The modern car rolling off the production line is more connected than ever before and the complexity of onboard, connected applications has increased significantly over the last decade. Infotainment systems are now highly sophisticated, with data-intense audio and video-streaming apps coming as standard. Advanced Driver Assistance Systems (ADAS) act on data collected from a growing range of sensors within the vehicle, and today’s cars are increasingly capable of communicating with other road users, including vehicles, intelligent roadside infrastructure and pedestrians.
Needless to say, this increase in automotive connectivity has been accompanied by a growth in hunger for wireless data. Spotify alone can use up to 150 megabytes per hour, Netflix up to 7 gigabytes and some analysts estimate that a high-spec ADAS system can gather as much as 1.4 terabytes every hour. This dependence on wireless data will only grow as, according to Statista, a leading provider of market and consumer data, the size of the global connected car fleet is projected to almost quadruple by 2035, reaching an estimated 863 million units from its 2021 size of 236 million1.
Figure 1: A growing number of use cases in and around the vehicle increase the potential for signal congestion and reduced performance
Connected automotive applications are currently heavily dependent upon Bluetooth® and Wi-Fi, with Bluetooth enabled audio streaming (A2DP) and multi-role, multi-purpose Wi-Fi and Wi-Fi–enabled screen sharing. This proliferation of connected automotive use cases and associated demand for wireless data threatens to cause signal congestion and risks degraded performance. With both Bluetooth and Wi-Fi operating in the 2.4 GHz band, there is significant competition for spectrum, although this is alleviated as more emerging Wi-Fi use cases operate on the 5 GHz band.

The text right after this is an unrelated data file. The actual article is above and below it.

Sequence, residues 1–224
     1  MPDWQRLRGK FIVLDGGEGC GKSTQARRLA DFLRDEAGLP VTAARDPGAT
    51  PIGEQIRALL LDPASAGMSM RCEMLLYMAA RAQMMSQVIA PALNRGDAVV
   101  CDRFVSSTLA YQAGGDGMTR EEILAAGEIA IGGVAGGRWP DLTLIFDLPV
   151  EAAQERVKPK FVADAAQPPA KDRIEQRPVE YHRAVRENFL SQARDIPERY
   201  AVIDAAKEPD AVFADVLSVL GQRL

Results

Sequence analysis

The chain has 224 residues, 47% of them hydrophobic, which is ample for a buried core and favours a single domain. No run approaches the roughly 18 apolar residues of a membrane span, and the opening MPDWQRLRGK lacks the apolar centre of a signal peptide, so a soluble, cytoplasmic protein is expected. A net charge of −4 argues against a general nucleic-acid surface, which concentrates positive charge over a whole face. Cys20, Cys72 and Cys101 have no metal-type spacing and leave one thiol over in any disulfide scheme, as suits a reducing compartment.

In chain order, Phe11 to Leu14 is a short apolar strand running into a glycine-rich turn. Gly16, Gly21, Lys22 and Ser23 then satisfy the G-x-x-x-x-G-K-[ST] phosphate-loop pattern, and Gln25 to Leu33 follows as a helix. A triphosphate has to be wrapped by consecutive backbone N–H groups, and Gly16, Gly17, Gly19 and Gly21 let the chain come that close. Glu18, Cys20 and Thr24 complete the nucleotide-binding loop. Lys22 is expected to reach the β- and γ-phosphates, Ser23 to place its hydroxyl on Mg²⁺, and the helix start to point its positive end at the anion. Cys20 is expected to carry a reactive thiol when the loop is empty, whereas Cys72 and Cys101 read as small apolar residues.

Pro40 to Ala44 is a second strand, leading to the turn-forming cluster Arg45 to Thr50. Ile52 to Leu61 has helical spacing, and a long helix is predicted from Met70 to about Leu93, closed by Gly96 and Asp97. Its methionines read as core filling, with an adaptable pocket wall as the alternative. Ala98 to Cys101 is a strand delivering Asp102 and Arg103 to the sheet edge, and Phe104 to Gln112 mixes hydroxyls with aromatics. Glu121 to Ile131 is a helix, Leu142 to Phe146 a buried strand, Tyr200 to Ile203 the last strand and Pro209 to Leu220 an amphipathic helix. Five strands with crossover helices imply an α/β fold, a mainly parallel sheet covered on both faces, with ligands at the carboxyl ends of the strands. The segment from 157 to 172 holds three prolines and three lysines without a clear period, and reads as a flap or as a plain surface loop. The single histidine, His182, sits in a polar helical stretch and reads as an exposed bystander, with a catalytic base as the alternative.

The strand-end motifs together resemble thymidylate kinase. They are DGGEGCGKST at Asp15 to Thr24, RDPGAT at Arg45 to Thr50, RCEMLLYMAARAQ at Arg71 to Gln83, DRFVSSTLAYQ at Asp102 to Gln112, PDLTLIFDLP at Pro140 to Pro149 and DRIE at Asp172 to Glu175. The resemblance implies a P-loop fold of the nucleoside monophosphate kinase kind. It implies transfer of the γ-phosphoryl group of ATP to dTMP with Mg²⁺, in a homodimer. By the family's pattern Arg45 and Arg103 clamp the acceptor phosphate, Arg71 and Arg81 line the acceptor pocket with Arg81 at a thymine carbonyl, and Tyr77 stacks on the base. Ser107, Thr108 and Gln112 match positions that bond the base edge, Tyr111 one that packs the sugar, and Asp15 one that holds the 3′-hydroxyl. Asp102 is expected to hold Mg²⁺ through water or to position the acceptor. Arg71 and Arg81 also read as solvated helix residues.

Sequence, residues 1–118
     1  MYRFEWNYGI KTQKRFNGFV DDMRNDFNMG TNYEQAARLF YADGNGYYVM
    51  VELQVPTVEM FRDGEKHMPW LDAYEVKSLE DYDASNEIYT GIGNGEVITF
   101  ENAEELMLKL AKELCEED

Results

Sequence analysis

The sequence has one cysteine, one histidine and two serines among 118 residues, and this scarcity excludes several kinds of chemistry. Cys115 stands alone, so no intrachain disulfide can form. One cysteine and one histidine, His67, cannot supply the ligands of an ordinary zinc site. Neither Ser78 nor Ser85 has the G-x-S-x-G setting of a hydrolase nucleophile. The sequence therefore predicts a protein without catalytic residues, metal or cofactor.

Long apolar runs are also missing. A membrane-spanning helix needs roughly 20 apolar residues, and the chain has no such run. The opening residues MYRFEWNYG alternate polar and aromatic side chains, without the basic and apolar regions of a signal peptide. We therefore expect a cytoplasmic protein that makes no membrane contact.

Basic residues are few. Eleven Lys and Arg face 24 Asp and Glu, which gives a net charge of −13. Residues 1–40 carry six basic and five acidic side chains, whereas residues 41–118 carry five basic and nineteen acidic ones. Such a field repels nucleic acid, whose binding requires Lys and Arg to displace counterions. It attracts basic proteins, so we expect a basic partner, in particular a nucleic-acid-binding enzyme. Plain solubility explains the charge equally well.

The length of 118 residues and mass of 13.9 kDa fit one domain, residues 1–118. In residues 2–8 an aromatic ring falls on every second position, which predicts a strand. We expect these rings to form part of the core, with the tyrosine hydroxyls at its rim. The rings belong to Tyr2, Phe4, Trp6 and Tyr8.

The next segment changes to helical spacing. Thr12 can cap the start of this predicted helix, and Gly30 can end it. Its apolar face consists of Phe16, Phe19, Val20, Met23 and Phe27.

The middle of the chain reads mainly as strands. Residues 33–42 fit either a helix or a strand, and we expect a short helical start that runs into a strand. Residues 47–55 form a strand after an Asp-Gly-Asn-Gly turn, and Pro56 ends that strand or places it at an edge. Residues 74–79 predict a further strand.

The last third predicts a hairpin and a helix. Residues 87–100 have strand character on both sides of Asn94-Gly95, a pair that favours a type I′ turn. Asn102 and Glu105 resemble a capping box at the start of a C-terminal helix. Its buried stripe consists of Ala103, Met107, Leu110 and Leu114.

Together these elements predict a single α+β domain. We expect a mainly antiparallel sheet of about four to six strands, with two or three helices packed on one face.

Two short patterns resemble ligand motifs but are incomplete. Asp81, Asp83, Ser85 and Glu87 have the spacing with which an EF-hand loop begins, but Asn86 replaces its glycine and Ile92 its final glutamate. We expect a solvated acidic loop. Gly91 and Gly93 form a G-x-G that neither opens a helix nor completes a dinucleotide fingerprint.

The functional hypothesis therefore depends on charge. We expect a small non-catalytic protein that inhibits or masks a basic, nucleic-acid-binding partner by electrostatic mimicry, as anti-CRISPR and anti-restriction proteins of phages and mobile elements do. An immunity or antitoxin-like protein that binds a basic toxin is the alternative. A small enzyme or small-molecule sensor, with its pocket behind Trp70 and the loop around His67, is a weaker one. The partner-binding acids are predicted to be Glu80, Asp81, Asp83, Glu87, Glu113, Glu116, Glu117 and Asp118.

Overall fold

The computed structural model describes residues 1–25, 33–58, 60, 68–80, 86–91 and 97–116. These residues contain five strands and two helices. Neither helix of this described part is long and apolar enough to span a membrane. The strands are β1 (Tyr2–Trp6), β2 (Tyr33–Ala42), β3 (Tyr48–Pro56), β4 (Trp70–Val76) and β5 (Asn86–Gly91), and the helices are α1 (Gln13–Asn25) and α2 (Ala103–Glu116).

Wi-Fi 6 (aka IEEE 802.11ax) uses orthogonal frequency-division multiple access (OFDMA), a high-order digital modulation scheme which enables more users to communicate simultaneously. OFDMA also reduces the impact of multi-path fading of the higher frequency carrier signals, increasing the robustness of Wi-Fi 6 in outdoor environments. Data throughput is also significantly increased through a combination of multi-user multiple-input multiple-output (MU-MIMO) techniques and 1024 quadrature amplitude modulation (1024-QAM).
There are significant expectations on Wi-Fi 6 as an enabler for connected vehicles, with its increased spectral efficiency, up-to-fourfold increase in bandwidth capacity, and its increased flexibility, and broader coverage. This enhanced performance will either allow more clients to be served by each access point or enable new high bandwidth use cases such as ultra-high resolution video streaming.
Wi-Fi 6 also differs from previous releases of Wi-Fi as it focuses more on the quality of experience for multiple clients in crowded environments, rather than the needs of a few, who are mainly indoors. Particularly interesting for automotive use cases will be the improvements it brings in terms of longer range and better coverage outdoors.